4. Governments “persecute” anyone they dislike, just as every government has since time immemorial. This doesn’t change the fact that the Iraqi government was mainly Shia and that the cause of the violence, then and now, isn’t religious differences.

          Here’s another Antiwar.com article to make you happy: “I do not believe it is al-Qaeda any more,” a woman weeping near the scene of the bombing told IPS. “I do not care any more, I am just losing my loved ones. The last explosion hit my husband, and now he is disabled, and this one took my son’s life.”

          She referred to a similar bombing two-and-a-half months ago at the same market that killed 137 and wounded many more.

          U.S. leaders and Iraqi government officials again accused “terrorists and the Saddamists” of the bombing. But many people around Baghdad are blaming the occupation forces and the U.S.-backed Iraqi government.

          “I noticed that security officers did not carry out any site investigation,” a former police officer who lives in a neighboring area told IPS, speaking on the condition of anonymity. “I have also noticed that no such crime has been solved since the first days of the occupation.”

    2. Exactly. The Baath also included Christians.

      Hussein’s was the most secular regime in the Near East.

      It is exactly Israel and the US that have been trying to engineer civil war between Shi’te and Sunni in Iraq.

      In fact, the US tried the same gambit at the end of the First Gulf War and then sold out both the Kurds and the Shi’ites it had encouraged to “revolt”.

      That is not to say that Shi’ites and Sunnis in Iraq were bosom buddies under Hussein. But, whatever he was, Hussein did indeed believe in and engineer to a degree an “Iraq” nationality.

  3. Biden’s proposal to divide Iraq into three sovereign states– Kurds (Sunni but secular and Kurdish first), Sunni, and Shia–is an old Israeli formulation, formulated also by the Neo-Cons here and there except when they were flacking the invasion and occupation of Iraq.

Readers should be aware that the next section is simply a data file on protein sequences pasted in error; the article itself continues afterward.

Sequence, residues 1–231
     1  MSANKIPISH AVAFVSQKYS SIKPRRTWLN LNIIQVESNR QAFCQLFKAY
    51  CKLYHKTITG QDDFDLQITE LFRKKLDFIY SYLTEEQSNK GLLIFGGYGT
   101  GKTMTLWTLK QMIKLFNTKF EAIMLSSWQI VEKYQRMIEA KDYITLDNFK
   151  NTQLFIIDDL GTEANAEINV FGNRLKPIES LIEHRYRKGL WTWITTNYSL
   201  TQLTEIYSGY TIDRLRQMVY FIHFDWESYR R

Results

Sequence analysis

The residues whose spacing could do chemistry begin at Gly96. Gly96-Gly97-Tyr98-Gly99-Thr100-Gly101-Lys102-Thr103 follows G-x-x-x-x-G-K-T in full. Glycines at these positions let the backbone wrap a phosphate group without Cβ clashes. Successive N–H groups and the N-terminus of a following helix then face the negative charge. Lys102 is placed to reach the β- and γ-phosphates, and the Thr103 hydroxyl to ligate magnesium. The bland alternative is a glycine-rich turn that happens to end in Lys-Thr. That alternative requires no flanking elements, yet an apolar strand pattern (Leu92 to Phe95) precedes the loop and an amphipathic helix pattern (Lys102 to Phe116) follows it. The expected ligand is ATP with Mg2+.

Encouraging civil war between Sunnis and Shi’ites is part of the program.

    Is the US military in Iraq conscious party to the same program?

    It’s sheer guesswork on my part, but I would say most of them have no idea what is going on, or how they are being used by the Neo-Cons.

    Was bringing “Al Qaeda”, whatever it is, into Iraq part of the original equation?

    1. Encouraging civil war between Sunnis and Shi’ites is part of the program. Is the US military in Iraq conscious party to the same program?

      Yes. Here’s Antiwar.com ironically: “They [death squads] evicted many of our good Sunni neighbors and killed many others,” Abu Riyad of the predominantly Shia Shula area told IPS. “We protected them for a while, but then we could not face the militias with all the support they had from the Iraqi government and the Americans. It is a terrible shame that we have to live with, but what can we do?”

      On the other hand, many Sunni Iraqis seemed unwilling to evict their Shia countrymen – for a while. But people in one mixed area of Baghdad described strange developments.

      “It is true that our neighbors did not evict us, but then the Americans swept the area and local fighters had to disappear from the streets,” Hussein Allawi, a Shia who lived in a predominantly Sunni neighborhood told IPS. “A group of masked strangers then entered the town right under American soldiers’ eyes. Only then did we realize that we must leave, and that our good neighbors could not help us any more.”

      Many such stories are told around Baghdad.

      1. Not sure where you’re finding irony. No one here is denying that the US exacerbated (and in some cases, created) Sunni-Shi’ite tensions, beginning with its support for Saddam in the war with Iran and continuing with its call for a Shi’ite uprising at the end of the first Gulf War.

        1. The irony derives from the article in question being contradictory to the daily avalanche of ‘Iraq is undergoing a sectarian civil war which will turn into a bloodbath if America ever stops murdering, torturing, and ethnically cleansing millions of people’ stories here.

          Here’s an excerpt from a great article by Dahr Jamail which I can’t find on your site. The myth of sectarianism – The policy is divide to rule: It may be worthwhile to consider that prior to the Anglo-American invasion and occupation of Iraq there had never been open warfare between the two groups and certainly not a civil war. In terms of organization and convention, Iraqis are a tribal society and some of the largest tribes in the country comprise Sunni and Shia. Intermarriages between the two sects are not uncommon either.

          Soon after arriving in Iraq in November 2003, I learned that it was considered rude and socially graceless to enquire after an individual’s sect. If in ignorance or under compulsion I did pose the question the most common answer I would receive was, “I am Muslim, and I am Iraqi.” On occasion there were more telling responses like the one I received from an older woman, “My mother is a Shia and my father a Sunni, so can you tell which half of me is which?” The accompanying smile said it all.